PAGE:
Demand for gaming services in Macau seems to be stabilising when the percentage year-on-year decline in April gross gaming revenue (GGR) is judged against that of March. But in actual money terms, the amount wagered on a daily basis in April was nearly nine percent lower than in March, stated a note on Monday from Deutsche Bank AG in Hong Kong.
GGR in Macau fell 38.8 percent year-on-year in April to approximately MOP19.17 billion (US$2.40 billion), show official data. It extended to 11 months the year-on-year decline in the city’s monthly casino revenue tally.
April demand was stable sequentially judged against March’s 39 percent year-on-year decline, “but on a per-day basis, GGR still slipped from MOP700 million/day in March to MOP640 million/day in April,” said Deutsche Bank’s Karen Tang.
April also represented the third consecutive month of roughly similar aggregate GGR, in the MOP19 billion to MOP21 billion range.
“While this doesn’t automatically spell the worst being behind us, we believe this could represent the bottom although we acknowledge that trends could rumble along (yet still be choppy) for some number of months to come before we see any breakout to the upside,” said Union Gaming Research Macau Ltd analysts Grant Govertsen and Felicity Chiang.
Union Gaming believes the “geographic expansion” of the anti-corruption drive in mainland China “has resulted in an incremental number of customers temporarily avoiding Macau”.
Visitor arrivals to Macau numbered 2.27 million in March, down by 13.5 percent year-on-year, according to official data. The number of tourists from mainland China declined by 17.6 percent year-on-year to 1.46 million in March.
“Given the deteriorating visitor mix, we feel consensus forecasts are still 25 percent to 30 percent too high,” Ms Tang said in her note on Monday. “Many mass players now prefer to spend their holidays in Japan, [South] Korea, Europe given weak currencies [in those markets].”
“We see Macau as facing a demand problem rather than a supply constraint,” said Ms Tang, adding that any rally into Galaxy Macau Phase 2 opening – scheduled for May 27 – “is likely to be short-lived”.
April market share
SJM Holdings Ltd, the casino operator founded by Stanley Ho Hung Sun, lost the market lead in terms of share of GGR in April. The company had a market share of 21.6 percent last month, down from 23.2 in March, according to industry figures compiled by GGRAsia.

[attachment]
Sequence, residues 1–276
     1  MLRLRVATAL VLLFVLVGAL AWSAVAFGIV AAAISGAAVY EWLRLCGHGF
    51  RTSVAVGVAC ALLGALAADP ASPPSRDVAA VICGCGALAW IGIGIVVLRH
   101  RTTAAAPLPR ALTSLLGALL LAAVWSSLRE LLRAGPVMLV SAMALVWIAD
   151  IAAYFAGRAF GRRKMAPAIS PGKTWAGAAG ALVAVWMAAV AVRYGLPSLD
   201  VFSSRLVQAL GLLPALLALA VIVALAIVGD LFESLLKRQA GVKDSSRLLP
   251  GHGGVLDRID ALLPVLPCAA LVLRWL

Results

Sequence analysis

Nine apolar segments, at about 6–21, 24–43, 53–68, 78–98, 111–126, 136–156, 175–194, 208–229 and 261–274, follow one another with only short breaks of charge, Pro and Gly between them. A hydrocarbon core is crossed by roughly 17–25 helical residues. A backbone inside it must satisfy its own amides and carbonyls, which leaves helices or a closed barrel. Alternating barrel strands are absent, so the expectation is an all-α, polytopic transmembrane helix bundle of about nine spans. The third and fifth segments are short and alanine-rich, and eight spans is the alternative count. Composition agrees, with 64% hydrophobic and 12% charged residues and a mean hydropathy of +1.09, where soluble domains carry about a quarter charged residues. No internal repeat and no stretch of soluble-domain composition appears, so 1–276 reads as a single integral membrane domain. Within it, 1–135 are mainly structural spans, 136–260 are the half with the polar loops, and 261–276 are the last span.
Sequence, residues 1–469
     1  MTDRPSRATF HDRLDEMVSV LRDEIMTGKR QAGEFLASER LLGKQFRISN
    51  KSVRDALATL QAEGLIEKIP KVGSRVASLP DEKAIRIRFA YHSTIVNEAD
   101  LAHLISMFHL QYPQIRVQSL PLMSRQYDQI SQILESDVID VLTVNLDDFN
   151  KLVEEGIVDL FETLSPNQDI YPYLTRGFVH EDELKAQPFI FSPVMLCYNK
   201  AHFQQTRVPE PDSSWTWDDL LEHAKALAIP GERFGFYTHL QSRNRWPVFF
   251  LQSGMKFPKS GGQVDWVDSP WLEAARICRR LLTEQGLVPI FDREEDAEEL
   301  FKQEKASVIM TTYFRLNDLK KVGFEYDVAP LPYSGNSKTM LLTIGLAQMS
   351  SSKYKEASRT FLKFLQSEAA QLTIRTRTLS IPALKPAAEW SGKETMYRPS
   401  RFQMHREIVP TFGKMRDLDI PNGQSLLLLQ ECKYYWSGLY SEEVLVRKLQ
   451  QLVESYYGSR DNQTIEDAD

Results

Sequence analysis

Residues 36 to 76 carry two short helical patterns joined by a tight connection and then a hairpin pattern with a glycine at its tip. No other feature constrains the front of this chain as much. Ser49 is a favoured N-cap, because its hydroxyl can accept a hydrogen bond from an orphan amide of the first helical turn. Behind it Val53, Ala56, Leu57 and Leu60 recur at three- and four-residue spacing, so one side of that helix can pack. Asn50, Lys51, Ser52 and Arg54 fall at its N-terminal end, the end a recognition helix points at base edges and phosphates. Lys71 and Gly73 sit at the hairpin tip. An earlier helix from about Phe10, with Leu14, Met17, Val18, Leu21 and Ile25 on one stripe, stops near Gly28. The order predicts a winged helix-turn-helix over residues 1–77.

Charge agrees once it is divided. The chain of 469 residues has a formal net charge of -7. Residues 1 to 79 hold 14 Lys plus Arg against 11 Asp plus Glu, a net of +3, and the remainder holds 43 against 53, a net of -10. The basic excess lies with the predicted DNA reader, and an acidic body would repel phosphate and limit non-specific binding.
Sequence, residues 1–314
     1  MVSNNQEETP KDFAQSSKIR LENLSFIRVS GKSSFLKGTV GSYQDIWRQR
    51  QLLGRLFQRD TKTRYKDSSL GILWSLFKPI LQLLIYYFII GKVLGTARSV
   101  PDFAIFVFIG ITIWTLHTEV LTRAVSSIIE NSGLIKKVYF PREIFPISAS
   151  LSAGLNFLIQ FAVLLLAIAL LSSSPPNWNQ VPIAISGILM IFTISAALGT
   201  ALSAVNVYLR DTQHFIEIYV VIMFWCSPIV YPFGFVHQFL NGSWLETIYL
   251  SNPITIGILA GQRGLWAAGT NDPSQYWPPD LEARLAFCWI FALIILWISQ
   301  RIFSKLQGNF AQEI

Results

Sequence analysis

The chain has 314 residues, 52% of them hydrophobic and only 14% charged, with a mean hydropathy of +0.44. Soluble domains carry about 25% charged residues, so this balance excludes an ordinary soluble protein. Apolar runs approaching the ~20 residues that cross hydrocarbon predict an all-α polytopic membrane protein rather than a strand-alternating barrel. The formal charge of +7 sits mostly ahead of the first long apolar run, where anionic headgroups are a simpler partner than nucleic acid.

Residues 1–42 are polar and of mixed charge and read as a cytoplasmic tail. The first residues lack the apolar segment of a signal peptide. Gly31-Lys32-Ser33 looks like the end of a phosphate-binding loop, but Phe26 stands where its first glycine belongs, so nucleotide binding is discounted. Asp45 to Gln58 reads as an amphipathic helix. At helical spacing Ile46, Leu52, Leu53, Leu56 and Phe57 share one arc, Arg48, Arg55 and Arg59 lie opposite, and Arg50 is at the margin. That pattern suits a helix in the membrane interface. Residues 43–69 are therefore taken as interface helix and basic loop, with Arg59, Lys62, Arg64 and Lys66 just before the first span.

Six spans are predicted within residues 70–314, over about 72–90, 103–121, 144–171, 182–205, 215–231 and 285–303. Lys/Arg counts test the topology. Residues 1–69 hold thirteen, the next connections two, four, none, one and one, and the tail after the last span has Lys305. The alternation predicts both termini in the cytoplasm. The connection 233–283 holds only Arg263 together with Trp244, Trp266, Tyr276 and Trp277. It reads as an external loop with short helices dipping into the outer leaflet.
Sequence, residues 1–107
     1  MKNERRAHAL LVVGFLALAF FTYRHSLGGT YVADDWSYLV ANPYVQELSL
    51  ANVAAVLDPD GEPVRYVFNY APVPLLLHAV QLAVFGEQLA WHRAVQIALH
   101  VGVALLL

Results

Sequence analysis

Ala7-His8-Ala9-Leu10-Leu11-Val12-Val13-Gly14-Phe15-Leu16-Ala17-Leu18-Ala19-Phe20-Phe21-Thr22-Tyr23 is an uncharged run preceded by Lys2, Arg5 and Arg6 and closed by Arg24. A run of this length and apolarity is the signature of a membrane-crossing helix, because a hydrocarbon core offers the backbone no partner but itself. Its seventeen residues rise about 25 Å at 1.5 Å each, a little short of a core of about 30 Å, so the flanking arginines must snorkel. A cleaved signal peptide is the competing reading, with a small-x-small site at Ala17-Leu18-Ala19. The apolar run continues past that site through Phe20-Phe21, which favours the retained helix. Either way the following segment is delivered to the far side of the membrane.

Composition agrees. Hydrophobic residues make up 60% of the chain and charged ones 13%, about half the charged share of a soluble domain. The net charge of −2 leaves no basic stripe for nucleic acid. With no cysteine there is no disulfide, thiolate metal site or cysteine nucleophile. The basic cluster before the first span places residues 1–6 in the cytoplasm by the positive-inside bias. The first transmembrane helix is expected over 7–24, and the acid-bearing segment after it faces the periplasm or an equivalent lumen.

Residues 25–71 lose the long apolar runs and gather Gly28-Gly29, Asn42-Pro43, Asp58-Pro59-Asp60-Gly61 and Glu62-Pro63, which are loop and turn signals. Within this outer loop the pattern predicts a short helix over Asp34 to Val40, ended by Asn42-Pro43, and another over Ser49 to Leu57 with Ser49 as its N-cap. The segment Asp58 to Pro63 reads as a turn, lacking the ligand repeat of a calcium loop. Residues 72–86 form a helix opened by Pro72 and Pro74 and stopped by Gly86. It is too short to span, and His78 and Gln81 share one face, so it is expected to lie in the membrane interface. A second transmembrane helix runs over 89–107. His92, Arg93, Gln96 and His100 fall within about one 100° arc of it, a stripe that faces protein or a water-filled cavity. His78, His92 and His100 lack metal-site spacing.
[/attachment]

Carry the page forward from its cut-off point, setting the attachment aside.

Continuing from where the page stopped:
Sands China Ltd gained the most in April “as it benefitted from holiday travellers during Easter holidays,” said the note from Ms Tang. The operator of the Venetian Macao had a market share of 24.2 percent in April, up from 21.4 in the preceding month, show the data collected by GGRAsia.
Galaxy Entertainment Group Ltd, founded by Hong Kong billionaire Lui Che Woo, stayed in third position with 20.1 percent of the market.
Melco Crown Entertainment Ltd was fourth in the list, with 12.8 percent of the market share, compared to 11.8 percent of Wynn Macau Ltd. MGM China Holdings Ltd had 9.5 percent of the market in April.
Gaming volumes seemed to have “picked up” during the Labour Day holiday period surrounding May 1, said Union Gaming’s note on Monday.
“However, the foot traffic story around town certainly was not indicative of it being a major holiday…” said Mr Govertsen and Ms Chiang.
Data from the Macau’s police show that visitor arrivals to the city numbered 505,255 in the first three days of May, up by 16.3 percent from the prior-year period.
“While we might see slightly higher GGR to start the month of May, we do not expect the balance of the month to be materially different than what we’ve seen over the past few months,” added the Union Gaming analysts.
Mar 26, 2019
Mar 26, 2019The Macao Government Tourism Office is studying the potential for introduction of a tourist tax to the city, said the bureau’s head, Maria Helena de Senna Fernandes, in comments over the weekend....
Mar 26, 2019
"[A tourist tax should be] used specifically for the promotion of tourism. It shouldn’t just be an alternative taxing collection method"
Chief executive of Macau-based casino operator MGM China Holdings